Politics leave me confused? There, that is a new experience.

Your thoughts?

Reference: K. Rios Morrison, N. J. Fast and O. Ybarra. 2009. Group status, perceptions of threat, and support for social inequality. Journal of Experimental Social Psychology 45 (1): 204-210.

Photograph: Jennifer Donley


  1. Li Yao says:

    How do you define “rich”/”poor” socioeconomic backgrounds? It should not be entirely referred to “wealth”, but just let’s tentatively put it in this way.
    Look at the electoral map in the U.S.. Liberals cluster in more affluent (on average) areas such as New England, part of Mid-Atlantic, and West Coast, whereas conservatives cluster in areas where the average income is far lower.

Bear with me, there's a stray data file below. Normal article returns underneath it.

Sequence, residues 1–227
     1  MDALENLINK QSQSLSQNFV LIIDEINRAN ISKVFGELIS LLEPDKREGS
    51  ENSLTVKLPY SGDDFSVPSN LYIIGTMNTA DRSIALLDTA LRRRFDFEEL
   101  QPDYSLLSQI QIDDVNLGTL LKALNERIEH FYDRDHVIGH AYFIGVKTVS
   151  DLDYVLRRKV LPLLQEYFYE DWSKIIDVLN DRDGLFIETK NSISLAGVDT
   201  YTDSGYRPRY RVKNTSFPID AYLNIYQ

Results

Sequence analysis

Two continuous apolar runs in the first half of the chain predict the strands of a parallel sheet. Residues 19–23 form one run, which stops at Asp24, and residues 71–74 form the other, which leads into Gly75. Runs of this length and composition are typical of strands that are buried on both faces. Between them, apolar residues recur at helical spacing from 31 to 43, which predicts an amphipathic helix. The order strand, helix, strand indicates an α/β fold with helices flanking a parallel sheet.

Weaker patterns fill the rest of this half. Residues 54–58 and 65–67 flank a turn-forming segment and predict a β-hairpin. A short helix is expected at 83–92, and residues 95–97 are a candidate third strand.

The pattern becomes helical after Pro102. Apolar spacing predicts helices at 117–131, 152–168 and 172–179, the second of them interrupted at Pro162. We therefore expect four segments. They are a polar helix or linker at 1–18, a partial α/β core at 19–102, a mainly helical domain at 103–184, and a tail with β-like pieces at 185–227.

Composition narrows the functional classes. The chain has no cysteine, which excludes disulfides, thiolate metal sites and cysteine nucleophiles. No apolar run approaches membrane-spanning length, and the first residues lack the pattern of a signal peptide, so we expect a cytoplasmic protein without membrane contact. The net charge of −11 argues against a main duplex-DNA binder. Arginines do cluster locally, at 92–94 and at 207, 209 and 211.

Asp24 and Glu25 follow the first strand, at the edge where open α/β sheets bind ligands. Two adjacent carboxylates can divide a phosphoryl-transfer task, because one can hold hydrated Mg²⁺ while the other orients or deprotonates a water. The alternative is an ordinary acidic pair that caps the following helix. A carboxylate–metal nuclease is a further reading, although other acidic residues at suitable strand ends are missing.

• The rich/poor classification of the socioeconomic background is meant to capture the resources people are endowed with: the more resources you have, the less you need help. This then would imply that wealthier people vote more republican/conservative (let’s call this a wealth effect). As you point out, the electoral map suggests that, contrary to the wealth effect, wealthier people cluster not in republican areas but in democratic ones. Does that mean that there is no wealth effect? Not necessarily. Wealthier people may also be different from less wealthy individuals in terms of their education and their religious beliefs, both of which affect voting. I imagine it is difficult to isolate a pure wealth effect, one that abstracts away from all other things related to wealth.

  2. Shail Pandit says:

    Perhaps there is also reverse causality, at least for some individuals: do your political views decide whether you are a prince or a pauper?

Leave a Reply

Your email address will not be published. Required fields are marked *